Rejoice greatly, O daughter of Zion! Shout aloud, O daughter of Jerusalem! Behold, your king is coming to you; righteous and having salvation is he, humble and mounted on a donkey, on a colt, the foal of a donkey. (Zechariah 9:9) … And they brought it to Jesus, and throwing their cloaks on the colt, they set Jesus on it. (Luke 19:35)
The Palm Sunday donkey carried the weight of the world. The One who was in the beginning, through whom all things were made and in whom all things hold together, the One about to bear all of our sins upon the cross, is for a brief while the burden on this common creature.
What’s strange in the passage from Luke is the choice of verbs. The great weight the donkey bears, Jesus Christ, the Son of God, is “set” upon it. It is courteous, almost delicate, like when I was a little kid and was taken to pony rides in the local park.
The ersatz saddle of cloaks, in contrast, is “thrown” or “cast” upon the animal. It is a more abrupt, almost violent action. “They dumped their clothes on the donkey” might be a fair paraphrase.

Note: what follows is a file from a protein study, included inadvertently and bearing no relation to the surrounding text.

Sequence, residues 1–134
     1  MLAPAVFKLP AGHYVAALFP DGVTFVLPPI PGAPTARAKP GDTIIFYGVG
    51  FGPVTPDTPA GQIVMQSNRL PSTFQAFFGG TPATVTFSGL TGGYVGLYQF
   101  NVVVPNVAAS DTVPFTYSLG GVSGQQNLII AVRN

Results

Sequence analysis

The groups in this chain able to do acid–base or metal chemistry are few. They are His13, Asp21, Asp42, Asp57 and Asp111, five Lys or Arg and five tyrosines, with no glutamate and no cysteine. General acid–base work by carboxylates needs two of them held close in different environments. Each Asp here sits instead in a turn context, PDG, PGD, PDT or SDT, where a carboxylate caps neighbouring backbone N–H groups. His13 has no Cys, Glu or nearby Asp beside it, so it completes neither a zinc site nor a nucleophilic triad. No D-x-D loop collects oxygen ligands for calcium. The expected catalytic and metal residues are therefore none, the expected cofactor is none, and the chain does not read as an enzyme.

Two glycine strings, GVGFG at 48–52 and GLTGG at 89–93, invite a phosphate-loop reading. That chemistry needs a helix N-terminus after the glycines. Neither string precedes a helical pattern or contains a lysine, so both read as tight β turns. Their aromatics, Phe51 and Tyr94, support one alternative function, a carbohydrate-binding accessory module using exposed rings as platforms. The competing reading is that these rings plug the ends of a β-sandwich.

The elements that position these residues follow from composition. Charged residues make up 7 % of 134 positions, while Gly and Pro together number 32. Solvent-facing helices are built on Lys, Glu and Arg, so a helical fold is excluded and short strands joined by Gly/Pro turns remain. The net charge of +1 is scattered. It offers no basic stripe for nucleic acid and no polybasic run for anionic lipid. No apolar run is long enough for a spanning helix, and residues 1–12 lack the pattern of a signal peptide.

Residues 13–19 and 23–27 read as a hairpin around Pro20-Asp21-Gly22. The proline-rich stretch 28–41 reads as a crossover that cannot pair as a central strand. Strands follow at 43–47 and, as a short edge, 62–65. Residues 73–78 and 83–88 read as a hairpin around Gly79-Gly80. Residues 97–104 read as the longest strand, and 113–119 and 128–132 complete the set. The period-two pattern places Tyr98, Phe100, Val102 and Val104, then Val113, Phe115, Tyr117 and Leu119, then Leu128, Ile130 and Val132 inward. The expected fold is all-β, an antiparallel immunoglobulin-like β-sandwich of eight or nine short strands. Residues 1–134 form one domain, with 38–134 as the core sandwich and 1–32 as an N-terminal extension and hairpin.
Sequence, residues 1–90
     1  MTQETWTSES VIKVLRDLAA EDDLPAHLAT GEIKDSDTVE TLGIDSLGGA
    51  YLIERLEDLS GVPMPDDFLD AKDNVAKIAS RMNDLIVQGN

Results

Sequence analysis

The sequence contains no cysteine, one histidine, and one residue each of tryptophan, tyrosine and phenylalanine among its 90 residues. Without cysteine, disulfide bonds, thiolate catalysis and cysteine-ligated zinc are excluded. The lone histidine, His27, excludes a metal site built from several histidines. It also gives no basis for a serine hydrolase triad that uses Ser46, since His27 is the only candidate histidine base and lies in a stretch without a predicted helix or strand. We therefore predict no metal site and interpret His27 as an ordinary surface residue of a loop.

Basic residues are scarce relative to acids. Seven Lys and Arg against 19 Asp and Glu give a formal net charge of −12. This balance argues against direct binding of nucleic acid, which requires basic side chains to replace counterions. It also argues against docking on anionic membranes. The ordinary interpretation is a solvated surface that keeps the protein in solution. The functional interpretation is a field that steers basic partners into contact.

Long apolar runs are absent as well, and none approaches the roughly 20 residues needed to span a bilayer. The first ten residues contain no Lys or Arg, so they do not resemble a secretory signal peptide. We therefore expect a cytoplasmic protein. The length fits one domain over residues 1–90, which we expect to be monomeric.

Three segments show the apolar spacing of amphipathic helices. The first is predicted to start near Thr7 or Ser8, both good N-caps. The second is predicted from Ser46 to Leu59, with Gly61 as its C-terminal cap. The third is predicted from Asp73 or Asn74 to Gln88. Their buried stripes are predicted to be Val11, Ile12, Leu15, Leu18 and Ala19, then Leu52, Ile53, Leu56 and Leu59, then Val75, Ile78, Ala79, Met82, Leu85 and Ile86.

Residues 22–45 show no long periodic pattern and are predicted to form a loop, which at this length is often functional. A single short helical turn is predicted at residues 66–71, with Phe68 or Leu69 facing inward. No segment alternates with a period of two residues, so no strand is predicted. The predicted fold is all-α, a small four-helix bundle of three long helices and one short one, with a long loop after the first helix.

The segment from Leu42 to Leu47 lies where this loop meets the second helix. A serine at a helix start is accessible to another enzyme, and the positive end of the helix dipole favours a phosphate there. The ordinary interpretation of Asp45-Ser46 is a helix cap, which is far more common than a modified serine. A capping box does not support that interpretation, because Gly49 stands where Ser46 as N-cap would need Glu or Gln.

The same verb for dumping is employed by the Apostle Peter, long after Palm Sunday, as he seeks to lead disciples who had not had his privilege of knowing Jesus in the flesh and eyewitnessing Jesus’ words and deeds. In a string of exhortations that conclude his First Letter to the church, Peter tells those of us who would follow Jesus to
Humble yourselves, therefore, under the mighty hand of God so that at the proper time he may exalt you, casting all your anxieties on him, because he cares for you. (1 Peter 5:6-7, emphasis added)
We are called to be Palm Sunday donkeys, humbly bearing an unimagineable weight, a glorious burden set upon us gently enough that we are not crushed.
But that same weight of glory is humble and becomes like a donkey to us, calling us to coarse and irreverent casting of our struggles on his invisible but unbreakable reality.
Almighty and everlasting God, in your tender love for us you sent your Son our Savior Jesus Christ to take upon himself our nature, and to suffer death upon the Cross, giving us the example of his great humility: Mercifully grant that we may walk in the way of his suffering, and come to share in his resurrection; through Jesus Christ our Lord, who lives and reigns with you and the Holy Spirit, one God, for ever and ever. Amen. (Collect of Palm Sunday)
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